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I Will Gladly Pay You Tuesday for a Hamburger Today – A Snapshot of BNPL Services

A person using a calculator to determine they're broke

If any business was involved in e-commerce during the pandemic, odds are they did rather well. Several such companies including Pelton, Netflix and others saw tremendous growth during 2020 as a result. Interestingly, one of the areas that also saw a boom involved buy now, pay later (BNPL) services. Rather than having to pay the full purchase price of an item or service, short-term installments were permitted. In most cases, these extensions were completely interest free and without additional costs. In fact, many merchants subsidized BNPL companies to offer these options to consumers. Knowing that some might be on the fence about a purchase, this added perk could tip them over the edge. And for an increasing number of consumers, BNPL services are becoming a norm.

(Take a look inside the buy now–pay later business model in this Bold story.)

Though BNPL services sound a lot like credit cards or layaway plans, there are notable differences. Differences in fees, access, and credit score impacts are among the most significant ones. Likewise, for the most part, BNPL companies are unregulated in the finance sector. This seems rather odd given the nature of their services. But even more intriguing is how an economic downturn might affect BNPL companies as well as consumers. As interest rates and inflation increase, everyone involved could share an increasing amount of risk. It’s therefore little surprise that recent valuations of these enterprises have taken a substantial hit as of late.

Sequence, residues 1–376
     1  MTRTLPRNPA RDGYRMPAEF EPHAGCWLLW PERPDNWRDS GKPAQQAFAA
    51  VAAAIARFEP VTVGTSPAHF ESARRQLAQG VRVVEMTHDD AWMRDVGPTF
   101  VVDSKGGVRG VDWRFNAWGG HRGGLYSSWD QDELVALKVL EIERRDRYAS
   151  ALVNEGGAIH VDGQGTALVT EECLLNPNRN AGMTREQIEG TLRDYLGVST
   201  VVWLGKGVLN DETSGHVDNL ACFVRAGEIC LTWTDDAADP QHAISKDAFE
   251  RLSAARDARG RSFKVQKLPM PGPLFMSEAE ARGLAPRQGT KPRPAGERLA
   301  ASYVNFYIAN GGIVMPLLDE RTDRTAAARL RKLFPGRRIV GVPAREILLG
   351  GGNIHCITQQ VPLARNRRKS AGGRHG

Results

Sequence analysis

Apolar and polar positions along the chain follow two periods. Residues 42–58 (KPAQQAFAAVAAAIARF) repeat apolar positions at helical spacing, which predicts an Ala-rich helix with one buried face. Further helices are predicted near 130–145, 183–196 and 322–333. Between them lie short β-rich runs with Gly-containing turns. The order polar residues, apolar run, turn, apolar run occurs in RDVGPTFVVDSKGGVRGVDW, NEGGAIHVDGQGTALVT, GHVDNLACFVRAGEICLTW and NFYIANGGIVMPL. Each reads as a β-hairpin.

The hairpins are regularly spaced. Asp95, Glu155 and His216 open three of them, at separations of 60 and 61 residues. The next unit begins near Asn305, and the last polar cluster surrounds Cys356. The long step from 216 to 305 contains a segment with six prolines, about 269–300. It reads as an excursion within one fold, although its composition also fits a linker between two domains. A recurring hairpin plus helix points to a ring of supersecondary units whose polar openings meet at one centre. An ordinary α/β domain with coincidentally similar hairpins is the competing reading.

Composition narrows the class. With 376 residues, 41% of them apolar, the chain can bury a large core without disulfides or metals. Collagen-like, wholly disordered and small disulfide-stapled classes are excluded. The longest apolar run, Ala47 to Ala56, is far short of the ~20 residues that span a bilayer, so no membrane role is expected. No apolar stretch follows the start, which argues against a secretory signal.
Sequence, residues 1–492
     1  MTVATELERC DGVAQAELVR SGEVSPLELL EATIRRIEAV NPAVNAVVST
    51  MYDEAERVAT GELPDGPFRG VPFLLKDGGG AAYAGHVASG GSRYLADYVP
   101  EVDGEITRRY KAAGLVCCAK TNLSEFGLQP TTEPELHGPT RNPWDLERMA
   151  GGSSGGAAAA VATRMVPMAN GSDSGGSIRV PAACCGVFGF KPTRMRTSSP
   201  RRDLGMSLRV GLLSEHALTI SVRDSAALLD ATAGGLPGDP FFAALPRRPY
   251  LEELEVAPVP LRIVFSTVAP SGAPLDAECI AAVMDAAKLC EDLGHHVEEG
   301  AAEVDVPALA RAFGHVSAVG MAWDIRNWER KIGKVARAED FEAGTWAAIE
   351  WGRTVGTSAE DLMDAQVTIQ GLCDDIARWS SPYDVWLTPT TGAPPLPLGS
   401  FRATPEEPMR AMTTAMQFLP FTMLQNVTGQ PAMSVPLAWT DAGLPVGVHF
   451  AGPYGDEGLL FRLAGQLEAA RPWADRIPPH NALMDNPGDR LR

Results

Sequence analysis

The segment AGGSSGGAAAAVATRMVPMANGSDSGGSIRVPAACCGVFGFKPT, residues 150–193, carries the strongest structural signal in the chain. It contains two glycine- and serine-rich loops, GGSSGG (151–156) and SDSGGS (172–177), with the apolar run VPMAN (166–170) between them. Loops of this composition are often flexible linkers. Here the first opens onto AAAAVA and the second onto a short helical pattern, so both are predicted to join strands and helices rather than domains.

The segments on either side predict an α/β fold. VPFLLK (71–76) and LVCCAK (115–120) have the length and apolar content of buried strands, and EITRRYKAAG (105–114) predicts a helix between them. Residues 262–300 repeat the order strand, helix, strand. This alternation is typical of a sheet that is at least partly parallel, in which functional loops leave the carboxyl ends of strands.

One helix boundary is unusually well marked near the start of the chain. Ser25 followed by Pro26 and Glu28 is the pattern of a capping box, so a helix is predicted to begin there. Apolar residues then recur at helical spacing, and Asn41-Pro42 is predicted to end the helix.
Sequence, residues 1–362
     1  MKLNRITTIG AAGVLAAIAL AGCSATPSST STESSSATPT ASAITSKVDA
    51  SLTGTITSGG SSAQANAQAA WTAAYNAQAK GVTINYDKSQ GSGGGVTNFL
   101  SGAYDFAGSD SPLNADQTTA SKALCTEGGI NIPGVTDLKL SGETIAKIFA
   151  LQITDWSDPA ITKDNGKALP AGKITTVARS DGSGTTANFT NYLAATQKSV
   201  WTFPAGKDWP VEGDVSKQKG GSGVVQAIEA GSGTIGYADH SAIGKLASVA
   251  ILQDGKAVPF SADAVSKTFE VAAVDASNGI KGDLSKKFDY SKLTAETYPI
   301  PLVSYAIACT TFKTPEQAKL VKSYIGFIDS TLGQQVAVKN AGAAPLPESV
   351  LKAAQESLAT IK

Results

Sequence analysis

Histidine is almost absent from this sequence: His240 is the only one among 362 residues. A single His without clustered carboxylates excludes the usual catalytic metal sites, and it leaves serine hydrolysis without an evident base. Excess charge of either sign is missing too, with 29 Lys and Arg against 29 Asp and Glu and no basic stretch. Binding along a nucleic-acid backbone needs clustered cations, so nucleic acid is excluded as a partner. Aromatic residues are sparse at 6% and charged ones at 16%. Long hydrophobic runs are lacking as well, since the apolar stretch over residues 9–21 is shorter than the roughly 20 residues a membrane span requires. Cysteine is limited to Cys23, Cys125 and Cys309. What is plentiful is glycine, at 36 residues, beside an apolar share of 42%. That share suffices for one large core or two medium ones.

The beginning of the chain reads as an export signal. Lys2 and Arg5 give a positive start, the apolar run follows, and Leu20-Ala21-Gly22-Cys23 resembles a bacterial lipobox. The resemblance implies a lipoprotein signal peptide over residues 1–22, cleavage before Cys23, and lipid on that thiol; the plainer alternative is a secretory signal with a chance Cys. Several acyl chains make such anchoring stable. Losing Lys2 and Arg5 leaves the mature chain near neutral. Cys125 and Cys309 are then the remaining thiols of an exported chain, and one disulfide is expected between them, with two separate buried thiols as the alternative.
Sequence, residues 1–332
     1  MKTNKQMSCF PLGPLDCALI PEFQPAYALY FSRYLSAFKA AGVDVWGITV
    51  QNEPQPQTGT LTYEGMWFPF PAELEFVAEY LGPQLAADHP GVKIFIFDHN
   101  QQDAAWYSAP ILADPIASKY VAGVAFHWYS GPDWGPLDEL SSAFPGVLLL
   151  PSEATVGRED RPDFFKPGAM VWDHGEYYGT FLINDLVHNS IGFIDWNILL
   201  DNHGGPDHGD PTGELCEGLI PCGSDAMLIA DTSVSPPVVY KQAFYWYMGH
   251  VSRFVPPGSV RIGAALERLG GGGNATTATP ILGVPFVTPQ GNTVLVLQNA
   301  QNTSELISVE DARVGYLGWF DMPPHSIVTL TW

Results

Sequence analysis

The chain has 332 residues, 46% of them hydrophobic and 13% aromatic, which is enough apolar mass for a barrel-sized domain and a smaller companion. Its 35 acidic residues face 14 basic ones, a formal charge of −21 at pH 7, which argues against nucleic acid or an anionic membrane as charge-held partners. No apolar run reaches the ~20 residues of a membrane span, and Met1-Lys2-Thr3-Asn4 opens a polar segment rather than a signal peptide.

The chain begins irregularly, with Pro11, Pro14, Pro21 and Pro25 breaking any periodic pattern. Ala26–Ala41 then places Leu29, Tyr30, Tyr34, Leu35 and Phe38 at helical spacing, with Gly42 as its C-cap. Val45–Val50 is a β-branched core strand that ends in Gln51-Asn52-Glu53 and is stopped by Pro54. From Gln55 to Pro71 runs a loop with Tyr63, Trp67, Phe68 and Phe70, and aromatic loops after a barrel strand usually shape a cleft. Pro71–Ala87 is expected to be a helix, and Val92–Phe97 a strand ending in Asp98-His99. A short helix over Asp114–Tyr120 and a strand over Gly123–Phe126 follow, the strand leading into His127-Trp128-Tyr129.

“People are buying more than they should, and they admit it. Whether it’s aggressive marketing, whether it’s impulse buying, whether it’s a belief that, ‘I’ll have more tomorrow,’ they’re using lots of these [BNPL services].” – Marshall Lux, a Harvard Kennedy School Research Fellow

The Rise of BNPL Services

Prior to the pandemic, BNPL companies were essentially nonexistent. But it soon became clear that merchants online wanted to encourage purchases among their customers. Certainly, they could offer discounts, BOGOs and other incentives. But as it turns out, buying now and paying later was a big hit with consumers. In Europe, BNPL services are promoted as a way to try out a product before paying in full. This helped establish greater trust between e-commerce sites and customers. In the U.S., BNPL companies marketed better cash flow for customers as a result of spreading out payments. In both cases, many people began using these services when making routine purchases. Without any interest to pay, and a bit longer to pay in full, there appeared to be little downside. And merchants were happy to pay the fees to host BNPL services on their sites.

Today, there are several BNPL companies on the market. By far, Affirm is the largest one, but others like Klarna and Zip are similarly well known. PayPal has also gotten in on the game, and Apple will soon launch its own BNPL services under Apple Pay Later. In each of these instances, customers usually extend payments into four installments over six weeks that are interest free. This has clear benefits over traditional credit cards that often have high interest rates. These offerings are also better than traditional layaway plans that hold the item until full payment is received. It’s no wonder that consumers have seen BNPL as a means for immediate gratification without adding additional costs.